The Logical Consequences of the Energetic Crisis for China and the Future of the Belt Road Initiative


China experiences an energetic crisis and it has a devastating effect on the country’s economy because of import dependence of China from the energy resources. This becomes the reason for the rapid spread of the falling production volumes and weakening economic relations with other countries. According to the National Statistics Bureau, in July –September, retail sales had decreased by 20.5% compared to the same period in 2020, industrial production by 13.5%, and investment in fixed assets by about 25%. However, it is expected that China will recover its economy faster than other states because it has financial reserves and high human quality. However, China’s export sector will inevitably weaken in the coming months due to the global recession; the internal domestic consumption is expected to help the country’s economic restoration in 2022. Although the recovery in employment rates has been gradual over the past few weeks, major problems, such as the inability of rural workers to return to work in urban areas and the slow recovery in domestic consumption, persist and Forecasts about China’s economy are not optimistic.

Belt Road Initiative under This Circumstance

The crisis-imposed economic damage also raises questions about the further progress of China’s Belt and Road Initiative (BRI). This initiative was first announced in 2013 in Nur-Sultan (Kazakhstan) by the Leader of the People’s Republic of China Xi Jinping. The initiative covers highways, railways, pipelines, ports and other infrastructure projects that will connect China and other Eurasian countries. Its main goal here is to strengthen economic connections between Central Asia, South Asia, Southeast Asia, the Middle East, East Africa and finally Europe, connecting Eurasia overland as well as via sea routes. The project in total covers 71 countries, accounting for 30% of world GDP and 62% of the world’s population. China’s projects are mainly related to the development of transport, energy, mining, IT and communications infrastructure; the initiative also covers industrial parks, Special Economic Zones (SEZs), tourism and urban development. Overall, it consists of two parts: the Silk Road Economic Belt and the Maritime Silk Road. The Silk Road Economic Belt comprises 6 corridors. The Chinese government plans to turn the country into a Eurasian economic hub, diversify energy routes and export goods by gaining access to new markets. In particular, the implementation of the Silk Road Economic Belt is of strategic importance for China, as it is heavily dependent on oil imports from the Middle East and Africa, and transit routes pass through the Indian Ocean, the Straits of Malacca and the South China Sea. The Silk Road Economic Belt has the potential to boost energy corridors through Central Asia, the China-Pakistan Economic Corridor and the China-Myanmar Corridor to ensure energy security and enable export of the Chinese goods to new markets. Projects such as the port of Gwadar in Pakistan, the Khorgos dry port in Kazakhstan, the Addis Ababa-Djibouti railway in Africa and the Mombasa-Nairobi railway, as well as the China-Myanmar high-speed railway are strategically important for the BRI.       

Moreover, according to the Chinese government, BRI will at the same time contribute to the economic development of the participating countries by accelerating regional integration, creating opportunities for both China and the participating countries. Therefore, Beijing will be enabled to accelerate its economic development by acquiring new markets and diversifying into energy routes and to contribute to the economic development of participating countries through new investments and loans.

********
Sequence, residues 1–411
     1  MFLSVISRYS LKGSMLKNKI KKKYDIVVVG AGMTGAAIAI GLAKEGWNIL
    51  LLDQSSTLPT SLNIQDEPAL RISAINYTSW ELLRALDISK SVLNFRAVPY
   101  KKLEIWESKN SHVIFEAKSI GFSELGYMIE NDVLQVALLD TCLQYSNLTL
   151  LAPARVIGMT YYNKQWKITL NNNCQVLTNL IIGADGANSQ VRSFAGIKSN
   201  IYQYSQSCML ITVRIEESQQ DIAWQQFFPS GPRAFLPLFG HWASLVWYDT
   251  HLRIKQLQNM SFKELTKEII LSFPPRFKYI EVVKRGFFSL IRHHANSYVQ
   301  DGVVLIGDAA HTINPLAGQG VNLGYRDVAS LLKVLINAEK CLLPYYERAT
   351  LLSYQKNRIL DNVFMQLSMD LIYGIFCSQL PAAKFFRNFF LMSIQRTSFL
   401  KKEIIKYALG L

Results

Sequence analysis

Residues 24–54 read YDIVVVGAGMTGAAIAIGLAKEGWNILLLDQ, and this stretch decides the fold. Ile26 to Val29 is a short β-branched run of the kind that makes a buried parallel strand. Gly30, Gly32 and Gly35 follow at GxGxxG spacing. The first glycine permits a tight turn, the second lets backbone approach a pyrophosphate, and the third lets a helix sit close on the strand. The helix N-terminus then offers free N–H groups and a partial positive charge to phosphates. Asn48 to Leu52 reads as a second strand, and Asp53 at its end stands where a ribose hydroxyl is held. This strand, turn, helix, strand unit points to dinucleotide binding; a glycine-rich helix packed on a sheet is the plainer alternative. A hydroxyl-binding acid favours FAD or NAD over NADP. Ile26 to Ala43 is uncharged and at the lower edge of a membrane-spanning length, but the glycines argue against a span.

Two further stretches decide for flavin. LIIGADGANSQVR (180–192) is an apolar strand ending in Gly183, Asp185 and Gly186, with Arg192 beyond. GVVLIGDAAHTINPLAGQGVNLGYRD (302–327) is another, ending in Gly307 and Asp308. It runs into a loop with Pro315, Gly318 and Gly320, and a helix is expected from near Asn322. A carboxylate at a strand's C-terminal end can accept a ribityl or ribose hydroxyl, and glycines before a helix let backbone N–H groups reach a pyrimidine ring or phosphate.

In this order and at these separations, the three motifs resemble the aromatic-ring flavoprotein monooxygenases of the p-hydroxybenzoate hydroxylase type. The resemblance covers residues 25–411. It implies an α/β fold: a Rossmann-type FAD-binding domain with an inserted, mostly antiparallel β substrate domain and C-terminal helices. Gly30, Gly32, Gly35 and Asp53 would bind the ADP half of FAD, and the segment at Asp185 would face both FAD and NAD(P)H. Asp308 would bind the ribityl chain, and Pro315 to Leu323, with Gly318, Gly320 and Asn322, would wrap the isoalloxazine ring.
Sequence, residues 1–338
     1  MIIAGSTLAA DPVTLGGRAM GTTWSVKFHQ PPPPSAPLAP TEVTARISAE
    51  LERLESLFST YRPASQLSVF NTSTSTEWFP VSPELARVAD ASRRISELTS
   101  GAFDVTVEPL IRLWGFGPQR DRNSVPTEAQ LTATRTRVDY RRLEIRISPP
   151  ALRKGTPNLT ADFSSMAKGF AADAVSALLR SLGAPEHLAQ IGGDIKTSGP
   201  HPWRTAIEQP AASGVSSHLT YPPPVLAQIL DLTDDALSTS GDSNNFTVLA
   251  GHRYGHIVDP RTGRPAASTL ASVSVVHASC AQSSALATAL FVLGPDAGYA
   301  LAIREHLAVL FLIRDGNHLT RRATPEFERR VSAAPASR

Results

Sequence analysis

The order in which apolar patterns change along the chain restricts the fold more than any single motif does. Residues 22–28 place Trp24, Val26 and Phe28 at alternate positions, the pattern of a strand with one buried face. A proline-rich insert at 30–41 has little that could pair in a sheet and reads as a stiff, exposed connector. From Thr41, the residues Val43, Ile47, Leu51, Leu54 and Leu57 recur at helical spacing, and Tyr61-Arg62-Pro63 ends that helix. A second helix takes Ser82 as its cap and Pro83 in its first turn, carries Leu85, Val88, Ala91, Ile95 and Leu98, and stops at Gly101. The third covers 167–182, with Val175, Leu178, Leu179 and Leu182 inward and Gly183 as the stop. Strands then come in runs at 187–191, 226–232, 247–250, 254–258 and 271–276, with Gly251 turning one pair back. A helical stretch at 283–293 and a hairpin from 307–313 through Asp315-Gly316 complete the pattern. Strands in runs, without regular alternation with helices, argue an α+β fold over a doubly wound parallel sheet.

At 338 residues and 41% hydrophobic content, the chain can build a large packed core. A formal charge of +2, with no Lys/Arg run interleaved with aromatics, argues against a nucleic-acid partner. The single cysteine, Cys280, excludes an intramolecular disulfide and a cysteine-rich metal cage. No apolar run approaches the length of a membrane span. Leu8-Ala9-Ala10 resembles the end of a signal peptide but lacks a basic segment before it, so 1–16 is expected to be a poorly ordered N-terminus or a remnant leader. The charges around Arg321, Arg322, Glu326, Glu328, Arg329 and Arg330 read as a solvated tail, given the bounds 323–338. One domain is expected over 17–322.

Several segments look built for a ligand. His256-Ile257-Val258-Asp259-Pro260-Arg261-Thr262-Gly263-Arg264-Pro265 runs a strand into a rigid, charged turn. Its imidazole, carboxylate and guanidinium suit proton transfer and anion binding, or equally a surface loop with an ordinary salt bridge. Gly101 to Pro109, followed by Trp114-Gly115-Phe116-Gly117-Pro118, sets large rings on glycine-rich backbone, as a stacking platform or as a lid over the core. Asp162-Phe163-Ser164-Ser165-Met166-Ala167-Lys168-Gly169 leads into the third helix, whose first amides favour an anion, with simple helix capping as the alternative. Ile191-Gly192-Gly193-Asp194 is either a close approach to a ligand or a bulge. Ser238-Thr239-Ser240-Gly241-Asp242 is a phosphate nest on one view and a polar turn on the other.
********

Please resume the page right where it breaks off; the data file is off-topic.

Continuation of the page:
Nevertheless, Chinese Foreign Minister Wang Yi said that the global crisis would not have any negative impact on BRI; problems with project development were already emerging. For example, Bangladesh’s transport minister warned that a $1 billion bridge project was in jeopardy and announced the postponement of the Payra Coal power plant construction. In addition, the suspension of a railway project in Nigeria, and the recent announcement by Pakistan’s Minister of Planning and Development that the $62 billion China-Pakistan Economic Corridor is facing delays, are examples of these problems. The development of projects also depends on both Chinese workers and materials which come from China. The closure of factories, ports, cancellations of flights and suspensions in the global supply chain are hampering the delivery of materials that are important to the BRI’s projects. Another factor that has delayed or suspended projects is the fact that Belt and Road Initiative projects are mostly run by Chinese workers, and China has been unable to send them to other countries due to the crisis (more than 50 countries have banned Chinese nationals from entering the country). In addition, projects are often financed by loans from Chinese banks, but the current economic situation raises questions about whether banks will continue to lend in the future.


Finally, although the energetic crisis will have a negative influence on the Chinese economy, the Chinese government will continue to support and finance BRI projects. In addition to economic support, China is taking pros of the crisis, seizing an opportunity to different states and increasing the attractiveness of the BRI by reviving the Health Silk Road project, which is part of the BRI. Even in the post-crisis, China will continue to support the BRI project, which is a mediator of global claims, applying both its economic strength and various soft power tools.


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